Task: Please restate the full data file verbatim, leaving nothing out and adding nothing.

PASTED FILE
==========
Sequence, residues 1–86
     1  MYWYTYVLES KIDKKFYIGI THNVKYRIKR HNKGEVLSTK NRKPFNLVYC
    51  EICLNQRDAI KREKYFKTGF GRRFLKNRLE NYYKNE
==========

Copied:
Sequence, residues 1–86
     1  MYWYTYVLES KIDKKFYIGI THNVKYRIKR HNKGEVLSTK NRKPFNLVYC
    51  EICLNQRDAI KREKYFKTGF GRRFLKNRLE NYYKNE